Questions to Ask Before Building a New Website | Muletown Digital

Questions to ask before building a new website

When people book in online to chat with our team at Muletown Digital the number one reason we get is “I need to build a new website”. It’s clear to me that many businesses see this as a valuable investment, and it often is, but before you decide it’s really time to rebuild, there are some things you should really consider.

This article will help you understand the thinking that goes into creating an appropriate website for your business.

what is the job of your website

What is the job of your website?

This is ALWAYS the first question you need to answer when you’re thinking about building a new (or your first) website. Of the hundreds of websites we look at each month, there are a very few of them that actually do a job in people’s businesses. Most of the time, the primary function they serve is to tell clients about the services or products that a business offers. This is a terrible thing to do with your website. That’s informational and great if the client already knows your business and is already wanting to work with you, but I’d say 95% of the time, that isn’t the case.

Your website should DO something for you. It should be a lead generation machine, an email capturing machine, a call booking machine, an appointment setting machine, etc. Before you have designs started (the fun part) you really need to know what you’re trying to get out of it and how that will help you grow your business.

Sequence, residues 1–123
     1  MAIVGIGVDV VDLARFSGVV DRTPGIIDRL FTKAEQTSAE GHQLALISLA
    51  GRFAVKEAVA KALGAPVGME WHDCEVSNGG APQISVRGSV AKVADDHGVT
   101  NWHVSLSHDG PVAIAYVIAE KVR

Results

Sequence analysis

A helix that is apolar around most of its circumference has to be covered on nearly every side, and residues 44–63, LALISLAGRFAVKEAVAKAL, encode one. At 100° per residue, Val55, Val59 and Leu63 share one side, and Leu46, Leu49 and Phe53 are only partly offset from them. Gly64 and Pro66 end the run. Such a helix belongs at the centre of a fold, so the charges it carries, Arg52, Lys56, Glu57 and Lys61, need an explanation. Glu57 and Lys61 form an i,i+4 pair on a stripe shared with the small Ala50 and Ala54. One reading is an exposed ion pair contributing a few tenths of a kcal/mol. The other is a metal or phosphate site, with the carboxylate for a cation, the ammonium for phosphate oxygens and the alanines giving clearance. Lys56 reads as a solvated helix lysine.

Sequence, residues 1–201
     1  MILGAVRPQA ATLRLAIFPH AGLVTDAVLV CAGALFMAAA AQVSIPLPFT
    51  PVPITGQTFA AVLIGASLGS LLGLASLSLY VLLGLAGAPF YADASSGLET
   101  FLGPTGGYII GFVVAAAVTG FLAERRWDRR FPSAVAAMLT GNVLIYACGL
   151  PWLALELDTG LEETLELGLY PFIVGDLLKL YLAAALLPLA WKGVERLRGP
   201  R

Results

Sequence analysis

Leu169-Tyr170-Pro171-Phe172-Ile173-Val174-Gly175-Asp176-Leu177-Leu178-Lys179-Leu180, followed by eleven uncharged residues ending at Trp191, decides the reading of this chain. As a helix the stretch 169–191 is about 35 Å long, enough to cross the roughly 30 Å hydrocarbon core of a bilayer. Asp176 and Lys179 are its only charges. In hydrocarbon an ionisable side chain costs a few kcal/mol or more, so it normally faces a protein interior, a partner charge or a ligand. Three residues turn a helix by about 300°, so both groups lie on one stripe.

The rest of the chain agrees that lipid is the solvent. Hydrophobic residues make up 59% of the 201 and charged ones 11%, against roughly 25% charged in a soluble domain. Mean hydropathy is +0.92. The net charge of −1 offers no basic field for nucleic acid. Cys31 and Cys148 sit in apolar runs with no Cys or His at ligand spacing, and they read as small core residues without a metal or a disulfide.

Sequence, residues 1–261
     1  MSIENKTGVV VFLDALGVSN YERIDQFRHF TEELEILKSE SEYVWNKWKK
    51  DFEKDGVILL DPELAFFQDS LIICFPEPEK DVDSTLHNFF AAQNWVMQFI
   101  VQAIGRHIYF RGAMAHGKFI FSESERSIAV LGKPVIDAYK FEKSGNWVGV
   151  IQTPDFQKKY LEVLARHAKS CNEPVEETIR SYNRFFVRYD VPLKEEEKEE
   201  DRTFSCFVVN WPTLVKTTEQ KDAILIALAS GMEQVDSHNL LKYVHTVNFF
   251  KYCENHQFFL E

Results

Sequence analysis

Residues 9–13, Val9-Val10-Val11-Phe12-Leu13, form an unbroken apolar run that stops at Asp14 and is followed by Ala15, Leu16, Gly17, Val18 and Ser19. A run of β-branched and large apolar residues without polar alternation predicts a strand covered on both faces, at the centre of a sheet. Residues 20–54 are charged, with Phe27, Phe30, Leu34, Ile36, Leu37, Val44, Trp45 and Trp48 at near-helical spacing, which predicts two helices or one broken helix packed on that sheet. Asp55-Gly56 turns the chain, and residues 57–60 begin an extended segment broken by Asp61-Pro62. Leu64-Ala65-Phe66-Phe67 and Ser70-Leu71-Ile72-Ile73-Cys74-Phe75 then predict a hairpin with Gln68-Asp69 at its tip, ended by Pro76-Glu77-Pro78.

For example, at Muletown Digital, we hope people will book calls to talk with our strategy team because that’s where we can be the most helpful. So everything we have is pointed at booking a time to talk. For a plumber, it would be a phone call or appointment booked. For a veterinary clinic, it would be to drive people to the facility, or have them fill out a new patient form. For a basket-making company, it would be to show off the baskets and facilitate sales online. There should always be a primary reason for actually having a website.

Figure out your primary objective, secondary objective, and the “if-all-else-fails” objective too!

Who is your website going to talk to?

Your website audience is also going to be a big deal. You need to identify who your target client is, what they want, and then how you can help them get it.

  • What does their life look like after you solve their problem with your product or service?
  • Why would they want to work with you over someone else that does or sells the same thing that you do?
  • What makes them happy, scared, sad, feel powerful, etc.
  • Does your ideal client understand what you do at a deep level or just at the surface?

You really need to get inside of your target audience’s head to think through how to position your website to speak to them.

If you’re dealing with impatient people, you’d better use your website to get to the point. If you sell car parts for people that own Range Rovers, you could assume they have little time and lots of money, so you’d want to target your messaging towards how you can save them time with your service.